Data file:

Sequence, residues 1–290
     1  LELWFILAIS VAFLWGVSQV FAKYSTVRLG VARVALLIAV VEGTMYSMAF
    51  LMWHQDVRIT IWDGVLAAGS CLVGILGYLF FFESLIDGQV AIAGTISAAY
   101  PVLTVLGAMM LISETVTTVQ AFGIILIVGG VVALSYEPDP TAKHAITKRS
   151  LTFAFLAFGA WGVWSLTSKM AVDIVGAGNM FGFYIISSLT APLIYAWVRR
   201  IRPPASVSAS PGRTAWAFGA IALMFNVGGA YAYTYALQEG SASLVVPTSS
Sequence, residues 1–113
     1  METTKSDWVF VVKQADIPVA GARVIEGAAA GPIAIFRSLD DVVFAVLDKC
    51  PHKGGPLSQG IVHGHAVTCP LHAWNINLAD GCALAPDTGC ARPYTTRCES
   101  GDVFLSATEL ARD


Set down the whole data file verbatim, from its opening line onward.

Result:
Sequence, residues 1–290
     1  LELWFILAIS VAFLWGVSQV FAKYSTVRLG VARVALLIAV VEGTMYSMAF
    51  LMWHQDVRIT IWDGVLAAGS CLVGILGYLF FFESLIDGQV AIAGTISAAY
   101  PVLTVLGAMM LISETVTTVQ AFGIILIVGG VVALSYEPDP TAKHAITKRS
   151  LTFAFLAFGA WGVWSLTSKM AVDIVGAGNM FGFYIISSLT APLIYAWVRR
   201  IRPPASVSAS PGRTAWAFGA IALMFNVGGA YAYTYALQEG SASLVVPTSS
Sequence, residues 1–113
     1  METTKSDWVF VVKQADIPVA GARVIEGAAA GPIAIFRSLD DVVFAVLDKC
    51  PHKGGPLSQG IVHGHAVTCP LHAWNINLAD GCALAPDTGC ARPYTTRCES
   101  GDVFLSATEL ARD